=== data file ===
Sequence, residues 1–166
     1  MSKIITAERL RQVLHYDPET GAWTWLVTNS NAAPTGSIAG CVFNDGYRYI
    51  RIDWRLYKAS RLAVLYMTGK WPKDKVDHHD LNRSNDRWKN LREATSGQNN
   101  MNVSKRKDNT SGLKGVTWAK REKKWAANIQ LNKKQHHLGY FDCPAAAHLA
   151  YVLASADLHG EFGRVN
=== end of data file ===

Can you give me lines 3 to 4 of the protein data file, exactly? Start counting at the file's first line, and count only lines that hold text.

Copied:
    51  RIDWRLYKAS RLAVLYMTGK WPKDKVDHHD LNRSNDRWKN LREATSGQNN
   101  MNVSKRKDNT SGLKGVTWAK REKKWAANIQ LNKKQHHLGY FDCPAAAHLA